What he saw freaked him out even further. The bank was full of Wall Street professionals — the very people who knew firsthand just how bad the financial crisis really was — all standing in line to do what he wanted to do: move their own personal money to accounts protected by deposit insurance.

Updated at 4:13 p.m. ET

The traditionally anti-union Tronc newspaper company on Friday agreed to allow journalists at its two Virginia newspapers to organize, averting the need for a federally overseen vote, organizers tell NPR.

Seeking to "evaluate the independence and effectiveness" of the federal Consumer Financial Protection Bureau's student loan office, 15 members of the Senate Democratic Caucus sent a terse letter Thursday evening to Mick Mulvaney, the CFPB's acting director. The letter was first obtained by NPR.

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North Carolina Coastal Development Policy

Sep 13, 2018

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Ten years ago this month, huge banks teetered on the edge of bankruptcy. Some failed, and markets worldwide plunged into chaos.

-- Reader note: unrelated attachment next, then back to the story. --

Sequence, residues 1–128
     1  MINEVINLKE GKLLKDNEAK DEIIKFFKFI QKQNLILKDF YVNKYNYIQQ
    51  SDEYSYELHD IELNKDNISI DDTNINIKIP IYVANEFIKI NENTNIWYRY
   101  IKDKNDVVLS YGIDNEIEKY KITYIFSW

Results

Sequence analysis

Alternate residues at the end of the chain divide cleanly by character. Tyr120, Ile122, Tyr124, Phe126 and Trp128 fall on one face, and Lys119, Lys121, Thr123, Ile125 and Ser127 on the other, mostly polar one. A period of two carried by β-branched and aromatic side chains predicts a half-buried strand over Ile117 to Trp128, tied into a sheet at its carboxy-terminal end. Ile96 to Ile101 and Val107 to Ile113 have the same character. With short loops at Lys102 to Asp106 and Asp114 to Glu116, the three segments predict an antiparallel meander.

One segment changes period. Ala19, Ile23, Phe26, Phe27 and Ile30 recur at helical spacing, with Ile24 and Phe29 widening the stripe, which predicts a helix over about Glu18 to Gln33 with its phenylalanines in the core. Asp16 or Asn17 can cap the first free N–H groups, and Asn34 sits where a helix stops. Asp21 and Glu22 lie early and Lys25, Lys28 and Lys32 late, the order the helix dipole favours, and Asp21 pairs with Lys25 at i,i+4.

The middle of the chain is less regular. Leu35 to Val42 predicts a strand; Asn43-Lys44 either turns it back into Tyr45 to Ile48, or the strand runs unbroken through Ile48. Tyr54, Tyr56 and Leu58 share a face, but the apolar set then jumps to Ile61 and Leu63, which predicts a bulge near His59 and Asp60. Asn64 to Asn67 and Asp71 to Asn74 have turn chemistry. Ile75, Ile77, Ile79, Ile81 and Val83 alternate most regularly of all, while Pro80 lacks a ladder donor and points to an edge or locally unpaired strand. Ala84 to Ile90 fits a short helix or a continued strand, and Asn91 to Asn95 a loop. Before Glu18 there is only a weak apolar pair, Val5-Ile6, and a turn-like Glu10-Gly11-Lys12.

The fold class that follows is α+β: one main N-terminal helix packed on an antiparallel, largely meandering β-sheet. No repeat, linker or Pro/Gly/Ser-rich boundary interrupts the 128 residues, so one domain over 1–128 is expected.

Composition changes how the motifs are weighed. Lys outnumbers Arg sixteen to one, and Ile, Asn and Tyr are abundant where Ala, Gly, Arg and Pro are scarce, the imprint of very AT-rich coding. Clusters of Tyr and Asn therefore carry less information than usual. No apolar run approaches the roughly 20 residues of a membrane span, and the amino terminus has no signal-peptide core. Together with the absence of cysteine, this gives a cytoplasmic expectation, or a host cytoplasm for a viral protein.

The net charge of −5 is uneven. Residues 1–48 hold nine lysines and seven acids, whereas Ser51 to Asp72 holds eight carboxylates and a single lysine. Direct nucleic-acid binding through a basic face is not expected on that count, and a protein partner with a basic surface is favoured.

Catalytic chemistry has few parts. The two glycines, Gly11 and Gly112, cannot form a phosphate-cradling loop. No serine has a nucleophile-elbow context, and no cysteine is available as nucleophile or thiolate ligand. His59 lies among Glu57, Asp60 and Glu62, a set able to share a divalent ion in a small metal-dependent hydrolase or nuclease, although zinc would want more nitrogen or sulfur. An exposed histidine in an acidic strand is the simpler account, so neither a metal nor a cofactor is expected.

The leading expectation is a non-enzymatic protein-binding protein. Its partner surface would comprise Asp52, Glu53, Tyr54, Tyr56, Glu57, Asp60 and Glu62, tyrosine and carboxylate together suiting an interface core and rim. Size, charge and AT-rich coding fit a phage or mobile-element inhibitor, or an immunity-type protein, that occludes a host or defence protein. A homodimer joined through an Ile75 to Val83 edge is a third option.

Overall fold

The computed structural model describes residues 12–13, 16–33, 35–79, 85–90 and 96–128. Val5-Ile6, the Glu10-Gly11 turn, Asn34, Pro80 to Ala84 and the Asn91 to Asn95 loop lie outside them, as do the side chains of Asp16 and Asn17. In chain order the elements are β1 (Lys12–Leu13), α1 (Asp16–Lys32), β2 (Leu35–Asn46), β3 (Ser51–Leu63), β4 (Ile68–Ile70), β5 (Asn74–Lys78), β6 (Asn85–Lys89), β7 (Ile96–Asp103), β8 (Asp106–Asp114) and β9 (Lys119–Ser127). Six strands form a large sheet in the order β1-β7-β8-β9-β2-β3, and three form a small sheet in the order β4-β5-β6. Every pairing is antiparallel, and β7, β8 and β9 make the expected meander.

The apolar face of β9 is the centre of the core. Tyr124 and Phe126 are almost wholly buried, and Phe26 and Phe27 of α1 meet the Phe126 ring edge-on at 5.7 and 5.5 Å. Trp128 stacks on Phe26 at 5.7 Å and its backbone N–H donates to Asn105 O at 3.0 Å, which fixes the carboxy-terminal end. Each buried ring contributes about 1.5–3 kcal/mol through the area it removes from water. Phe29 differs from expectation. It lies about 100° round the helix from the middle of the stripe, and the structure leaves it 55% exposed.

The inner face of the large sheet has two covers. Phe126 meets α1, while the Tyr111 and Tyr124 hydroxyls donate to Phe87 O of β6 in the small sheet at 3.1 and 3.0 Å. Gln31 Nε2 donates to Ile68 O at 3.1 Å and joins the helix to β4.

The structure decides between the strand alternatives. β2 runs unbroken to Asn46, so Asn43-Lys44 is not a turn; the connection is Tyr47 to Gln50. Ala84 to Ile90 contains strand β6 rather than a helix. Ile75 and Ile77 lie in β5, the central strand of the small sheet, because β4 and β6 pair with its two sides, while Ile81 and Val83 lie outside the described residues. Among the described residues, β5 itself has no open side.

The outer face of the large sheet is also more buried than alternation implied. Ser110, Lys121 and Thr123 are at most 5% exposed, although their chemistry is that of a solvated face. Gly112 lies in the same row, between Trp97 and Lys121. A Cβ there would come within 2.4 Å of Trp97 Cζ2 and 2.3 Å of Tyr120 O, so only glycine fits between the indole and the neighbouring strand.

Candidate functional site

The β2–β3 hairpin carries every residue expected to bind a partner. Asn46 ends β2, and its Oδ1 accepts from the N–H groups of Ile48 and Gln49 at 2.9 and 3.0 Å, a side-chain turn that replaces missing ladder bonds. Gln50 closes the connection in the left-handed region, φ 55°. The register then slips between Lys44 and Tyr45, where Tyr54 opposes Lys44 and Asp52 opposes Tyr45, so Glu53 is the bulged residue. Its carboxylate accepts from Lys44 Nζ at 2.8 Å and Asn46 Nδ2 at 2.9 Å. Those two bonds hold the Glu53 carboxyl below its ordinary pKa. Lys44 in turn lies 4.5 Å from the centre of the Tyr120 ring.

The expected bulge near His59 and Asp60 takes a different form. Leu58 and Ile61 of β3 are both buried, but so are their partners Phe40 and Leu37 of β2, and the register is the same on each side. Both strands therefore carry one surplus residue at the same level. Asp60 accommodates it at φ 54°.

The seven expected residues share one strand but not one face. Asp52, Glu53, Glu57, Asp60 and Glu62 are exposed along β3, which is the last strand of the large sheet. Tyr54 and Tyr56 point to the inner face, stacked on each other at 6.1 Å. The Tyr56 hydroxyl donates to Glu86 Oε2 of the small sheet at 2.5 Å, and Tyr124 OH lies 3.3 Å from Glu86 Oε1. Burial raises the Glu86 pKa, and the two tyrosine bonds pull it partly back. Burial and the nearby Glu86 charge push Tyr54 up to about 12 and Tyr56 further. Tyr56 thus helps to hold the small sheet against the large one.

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The Price Of Rice In Japan

Sep 13, 2018

The Japanese are eating less rice. Blame TV, the internet, burgers, Italian food, a growing economy. Blame the lunch ladies! Rice consumption in Japan is about half what it was in the 1960s.

But guess what? Demand for Japanese rice may be way down, but prices are going up. In fact, prices are now so high that Japanese people are buying imported rice, rather than the home-grown stuff.

Starting next year, Medicare Advantage plans will be able to add restrictions on expensive, injectable drugs administered by doctors to treat cancer, rheumatoid arthritis, macular degeneration and other serious diseases.

NPR announced on Thursday that Chief Operating Officer Loren Mayor will become its President of Operations. It's a new role at the company, and the change is effective immediately.

Few high-ranking officials in Turkey dare to defy President Recep Tayyip Erdogan these days. But on Thursday, the Turkish Central Bank did just that.

In a bid to stabilize Turkey's faltering currency, the bank boosted interest rates by more than 6 percentage points, to 24 percent, even though Erdogan has vowed keep them steady — or even lower them.